Covenant Agreement: the Third Trait of Spiritual Camaraderie


The third trait of spiritual friendship is a covenant agreement. There are two sides to this agreement. On the one hand, I agree to open the windows and doors of my life so that you can see the inner workings of my heart. Does this mean that everything inside of me is exposed? Of course not. The point is not that every drawer gets emptied, the content being dumped in the light of the sun. Boredom (on the part of the listener) and narcissism (on the part of the speaker) is reason enough to avoid this. The point, rather, is that no closet is locked to bar entry. I state my intention to live in the light rather than in the darkness and to resist the powers of shame, guilt, and fear that would cause me to hide what needs to be laid bare.

On the other hand, I give you permission to speak truth to me in love. In the book Building Your Band of Brothers, Stephen Mansfield talks about the importance of setting up what he calls a ‘free-fire zone’.[1] A free-fire zone is a mutual commitment to one another, or to all members of a small band, that anything which needs to be said will be said for the sake of a higher good. Within spiritual friendship, cowardice must be resisted. To permit a man to veer off the path of righteousness is an act of hatred, not love. While friends must avoid being pugnacious, censorious, and nit-picky, they must also avoid being passive, permissive, and complacent. No spiritual friendship is genuine unless everyone involved is committed to speaking the truth, even if it stings.[2]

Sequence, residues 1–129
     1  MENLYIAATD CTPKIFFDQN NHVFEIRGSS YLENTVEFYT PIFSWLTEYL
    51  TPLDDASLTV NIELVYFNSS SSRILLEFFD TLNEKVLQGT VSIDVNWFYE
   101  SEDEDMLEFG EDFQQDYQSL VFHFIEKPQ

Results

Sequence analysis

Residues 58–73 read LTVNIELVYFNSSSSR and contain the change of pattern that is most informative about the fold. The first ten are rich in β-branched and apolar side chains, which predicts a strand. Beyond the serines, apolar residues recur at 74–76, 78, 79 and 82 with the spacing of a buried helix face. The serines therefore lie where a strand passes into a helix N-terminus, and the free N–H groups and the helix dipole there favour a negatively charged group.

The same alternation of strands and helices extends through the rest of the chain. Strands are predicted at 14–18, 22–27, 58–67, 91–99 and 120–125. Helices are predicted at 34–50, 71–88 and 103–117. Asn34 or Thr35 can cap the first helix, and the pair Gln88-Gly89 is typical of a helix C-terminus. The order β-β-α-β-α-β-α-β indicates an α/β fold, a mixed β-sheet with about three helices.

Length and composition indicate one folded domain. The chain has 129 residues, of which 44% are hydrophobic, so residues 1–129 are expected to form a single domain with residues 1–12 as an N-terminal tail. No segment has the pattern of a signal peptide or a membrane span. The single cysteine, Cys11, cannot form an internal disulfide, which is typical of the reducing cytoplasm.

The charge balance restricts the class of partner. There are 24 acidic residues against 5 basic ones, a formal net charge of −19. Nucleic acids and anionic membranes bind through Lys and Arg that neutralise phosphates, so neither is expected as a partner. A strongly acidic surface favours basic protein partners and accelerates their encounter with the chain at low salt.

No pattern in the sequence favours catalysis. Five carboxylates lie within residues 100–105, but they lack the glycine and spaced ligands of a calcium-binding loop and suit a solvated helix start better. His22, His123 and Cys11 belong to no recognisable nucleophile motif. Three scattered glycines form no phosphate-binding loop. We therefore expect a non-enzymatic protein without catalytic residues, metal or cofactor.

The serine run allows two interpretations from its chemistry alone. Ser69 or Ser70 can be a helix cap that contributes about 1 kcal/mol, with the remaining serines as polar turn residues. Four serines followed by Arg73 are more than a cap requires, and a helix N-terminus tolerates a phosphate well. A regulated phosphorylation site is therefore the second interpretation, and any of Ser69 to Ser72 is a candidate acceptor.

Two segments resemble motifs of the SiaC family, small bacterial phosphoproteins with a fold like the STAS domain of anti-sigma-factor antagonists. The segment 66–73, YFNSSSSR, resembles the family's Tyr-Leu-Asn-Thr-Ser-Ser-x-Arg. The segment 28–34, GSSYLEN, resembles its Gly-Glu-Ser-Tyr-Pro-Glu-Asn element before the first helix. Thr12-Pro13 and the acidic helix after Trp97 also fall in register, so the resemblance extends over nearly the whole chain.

How important is spiritual friendship, really? The more men I speak to the smaller the percentage appears to be that has anything like the camaraderie I am describing. The general assumption seems to be that the recipe of church membership, participation in a small group, and a Christian spouse (at least among the married) ought to be sufficient to support spiritual growth. I think this is dangerously naïve. I am convinced that spiritual friendship is not an extra layer of icing that can or cannot be lathered over a cake. Spiritual friendship is an ingredient of the cake itself – like butter, salt, or sugar – which, if left out, affects the product as a whole. House groups are an important balance to large church gatherings, but they are too porous and diverse to enable a covenant agreement. A believing spouse is one of the greatest gifts that God can provide. But just as a house requires more than one load-bearing wall, so do Christian lives. To lean entirely on a wife for spiritual support is unfair to her and unwise for him. There are real differences between being a man and being a woman, and men need men just as women need women.

Questions for Small Groups/Self-Reflection

  1. Why do men avoid real and honest friendships with each other?

  2. What are the benefits of setting up a ‘free-fire zone’?

  3. What are the risks of setting up a ‘free-fire zone’?

  4. How do Christians learn how to ‘speak the truth with love’ without being overcritical and nitpicky? How do Christians learn how to ‘speak the truth with love’ without being cowardly and complacent?

[1] Stephen Mansfield, Building Your Band of Brothers (Nashville: Blackwatch Digital, 2016), p. 47-65.

[2] For the nuts and bolts of how to do this see Dietrich Bonhoeffer, Life Together, trans. John Doberstein (London: SCM, 1954), p. 69-85